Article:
Bess Ann McKay, right, has been helping to guide education in Fort Resolution and the South

Bess Ann McKay first got involved with Fort Resolution’s District Education Authority when her daughter was three years old.

Now, her grandchildren and great grandchildren are in the school system.

“When I leave here, they might give me a plaque saying I’ve been here too long,” she says, laughing.

Over her four decades of occupying a seat on the DEA and periodically representing Fort Resolution on the South Slave Divisional Education Council (SSDEC), including as chair, McKay has witnessed – and helped propel – many changes.

One of the most satisfying developments has been the growth in use of local Indigenous language. That was a treated as a “back burner” item many years ago, she says.

For more stories on NWT education, click on the image above to find the full edition of Degrees of Success.

“Students and staff (these days) learn to use eight key language phrases as a starting point to creating greater fluency,” McKay says, adding that more than 300 children’s books and Indigenous language dictionaries have been published over the years. “We get so much feedback how our kids are getting so good at their language… Oh my goodness gosh, I have to say I’m so proud – so, so proud.”

Culture week in August, including a trip to nearby Mission Island, is another annual highlight that she speaks of glowingly.

Then there is literacy – another area where McKay and the SSDEC place great emphasis, which is paying off. The SSDEC’s Leadership for Literacy initiative has boosted literacy and numeracy significantly – with 73 per cent of students performing at or above grade level in math and 67 per cent reaching the same milestone in reading as of 2019-20. That was an increase from less than 50 per cent.

“We’ve improved considerably. We achieved our goal, I might as well say. Kudos to our team of educators, administrators and technical specialists for ensuring that our students have equitable opportunities for success and learning,” says McKay.

She also offers praise for the Trades Awareness Program, which allows students to congregate in Fort Smith to be introduced to potential careers such as welding, carpentry, plumbing, cooking and graphic design.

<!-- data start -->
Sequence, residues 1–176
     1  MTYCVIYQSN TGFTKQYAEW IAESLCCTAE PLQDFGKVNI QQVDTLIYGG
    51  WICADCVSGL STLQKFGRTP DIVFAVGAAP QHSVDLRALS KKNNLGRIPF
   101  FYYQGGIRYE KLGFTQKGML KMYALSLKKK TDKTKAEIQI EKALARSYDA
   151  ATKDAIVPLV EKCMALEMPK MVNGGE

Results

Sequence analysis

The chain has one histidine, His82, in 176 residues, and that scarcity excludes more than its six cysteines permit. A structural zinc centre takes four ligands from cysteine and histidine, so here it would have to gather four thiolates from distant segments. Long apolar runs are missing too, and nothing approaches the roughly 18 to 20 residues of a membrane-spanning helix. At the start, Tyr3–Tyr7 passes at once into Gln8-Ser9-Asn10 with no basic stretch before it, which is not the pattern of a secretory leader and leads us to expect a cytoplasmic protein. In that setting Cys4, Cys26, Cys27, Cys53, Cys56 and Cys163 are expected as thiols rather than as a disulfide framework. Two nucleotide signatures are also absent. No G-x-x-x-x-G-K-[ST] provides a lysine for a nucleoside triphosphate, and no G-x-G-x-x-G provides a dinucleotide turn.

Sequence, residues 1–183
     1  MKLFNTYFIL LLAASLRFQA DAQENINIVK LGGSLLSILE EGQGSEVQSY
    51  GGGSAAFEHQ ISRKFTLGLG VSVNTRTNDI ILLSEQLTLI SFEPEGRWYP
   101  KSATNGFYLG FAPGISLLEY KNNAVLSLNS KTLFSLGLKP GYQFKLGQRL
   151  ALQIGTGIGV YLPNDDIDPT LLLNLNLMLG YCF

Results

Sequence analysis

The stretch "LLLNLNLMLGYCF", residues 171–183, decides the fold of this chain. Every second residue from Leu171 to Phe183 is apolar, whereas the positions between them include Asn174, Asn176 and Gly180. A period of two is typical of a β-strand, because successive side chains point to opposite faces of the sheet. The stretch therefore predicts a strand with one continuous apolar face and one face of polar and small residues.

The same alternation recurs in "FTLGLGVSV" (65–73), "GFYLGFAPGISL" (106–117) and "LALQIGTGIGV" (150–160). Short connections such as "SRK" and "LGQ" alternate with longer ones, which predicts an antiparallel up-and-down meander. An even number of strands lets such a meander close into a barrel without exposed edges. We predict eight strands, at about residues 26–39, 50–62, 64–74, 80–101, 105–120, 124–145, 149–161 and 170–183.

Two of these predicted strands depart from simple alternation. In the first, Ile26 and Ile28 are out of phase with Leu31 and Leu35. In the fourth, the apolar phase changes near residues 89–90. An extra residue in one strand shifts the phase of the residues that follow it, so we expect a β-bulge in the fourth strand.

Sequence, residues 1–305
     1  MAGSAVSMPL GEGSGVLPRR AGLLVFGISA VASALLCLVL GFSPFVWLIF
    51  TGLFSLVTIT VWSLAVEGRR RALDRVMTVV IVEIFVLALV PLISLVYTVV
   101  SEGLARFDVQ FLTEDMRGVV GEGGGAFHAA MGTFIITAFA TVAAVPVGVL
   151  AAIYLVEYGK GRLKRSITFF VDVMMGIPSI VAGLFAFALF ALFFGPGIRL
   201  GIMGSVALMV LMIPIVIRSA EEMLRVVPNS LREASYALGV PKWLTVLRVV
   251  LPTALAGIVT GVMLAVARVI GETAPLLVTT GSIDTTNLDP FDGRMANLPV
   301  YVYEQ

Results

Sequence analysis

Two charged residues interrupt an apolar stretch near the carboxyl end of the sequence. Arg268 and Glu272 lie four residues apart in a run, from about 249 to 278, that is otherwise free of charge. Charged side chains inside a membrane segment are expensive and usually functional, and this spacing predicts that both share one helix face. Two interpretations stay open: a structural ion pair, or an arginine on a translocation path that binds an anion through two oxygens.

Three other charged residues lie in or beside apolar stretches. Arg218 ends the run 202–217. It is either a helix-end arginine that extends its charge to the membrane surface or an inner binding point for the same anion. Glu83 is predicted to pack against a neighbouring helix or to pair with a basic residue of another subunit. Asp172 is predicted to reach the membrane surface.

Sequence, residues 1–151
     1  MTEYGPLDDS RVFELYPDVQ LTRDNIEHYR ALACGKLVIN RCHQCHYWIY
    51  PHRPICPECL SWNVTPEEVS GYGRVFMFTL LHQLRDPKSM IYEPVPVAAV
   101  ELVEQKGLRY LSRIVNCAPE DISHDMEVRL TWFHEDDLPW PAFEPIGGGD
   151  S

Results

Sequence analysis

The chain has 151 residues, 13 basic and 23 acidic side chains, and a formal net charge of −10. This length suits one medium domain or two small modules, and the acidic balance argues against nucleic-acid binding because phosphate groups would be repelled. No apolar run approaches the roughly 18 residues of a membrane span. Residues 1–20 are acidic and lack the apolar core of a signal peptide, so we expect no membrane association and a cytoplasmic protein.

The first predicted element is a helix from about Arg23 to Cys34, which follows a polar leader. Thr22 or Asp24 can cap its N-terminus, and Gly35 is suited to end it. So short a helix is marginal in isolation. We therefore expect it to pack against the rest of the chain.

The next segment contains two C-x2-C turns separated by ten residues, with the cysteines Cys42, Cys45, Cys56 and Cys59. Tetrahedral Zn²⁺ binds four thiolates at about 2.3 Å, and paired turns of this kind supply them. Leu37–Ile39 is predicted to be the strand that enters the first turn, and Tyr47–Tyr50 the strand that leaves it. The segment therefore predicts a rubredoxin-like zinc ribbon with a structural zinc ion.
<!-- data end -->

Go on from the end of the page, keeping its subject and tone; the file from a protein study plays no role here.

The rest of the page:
“It’s so positive and the students really enjoy it,” she says.

She’s also pleased with the Northern Distance Learning Initiative, which broadens the range of high school programs via video conference.

Grade extensions, allowing local students to graduate high school, became a reality in 2000 in Fort Resolution.

“Kids get to stay in the community. When they leave to go to another community it’s not a struggle but it’s loneliness. Having Grade 12 has been such a relief,” she says.

More funds desired

If McKay could immediately change anything, it would be more money for Deninu School, which she refers to as a “beautiful” facility for a little over 100 students.

“I feel that we never get enough funding for what we want to do to educate our kids. It’s always a challenge. We try to lobby the government for more flexibility,” she says. “But you make do… We’ll keep on going with what we have.”

The sudden emergence of Covid-19 created significant impacts in 2020 with the school forced to close last spring. A quick shift to home-learning packages and online lessons ensued.

“I’m proud that the SSDEC and our DEAs in our schools how met the challenge quickly and helped to adapt,” she says.

One of the key leaders helping to craft and guide the pandemic changes in the South Slave is superintendent Dr. Curtis Brown, who has been on the job for more than 20 years. McKay recalls being a member of the committee that hired him in 1999.

“I’m always pushing for what I think is right at the divisional board level,” she says, adding that her board is always pleased to share knowledge and experience with other boards.

In her own childhood, school wasn’t nearly as stimulating at Grandin College in Fort Smith.

“It was a little bit tougher than today… what we have today, we didn’t have back in the day. We’ve come a long way,” she says, referring to technology, and Chromebook laptops in particular. But she fondly recalls on-the-land trips with her parents.

She continued pushing her own boundaries in her adulthood, making a foray into local politics and getting elected as Fort Resolution’s first mayor after the community gained hamlet status.

In 2013, she received the Queen Elizabeth II Diamond Jubilee medal, which is awarded to Canadians who make significant contributions and achievements.

Four years later, the Aboriginal Sport Circle recognized her with a Community Builder Award.

Her passion these days is dog mushing, travelling to nearby communities to promote the pastime.

But helping rewrite the blueprint for learning has remained an overarching and constant endeavour.

“It’s just phenomenal… I just love doing what I do. Education is so important,” says McKay. “I got involved in the South Slave because it’s important to me that we give our kids the best chance at life by pursuing a good education.”

Derek Neary

Derek Neary has been reporting on developments in the North for 18 years. When he's not writing for Nunavut News, he's working on Northern News Services' special publications such as Opportunities North,...

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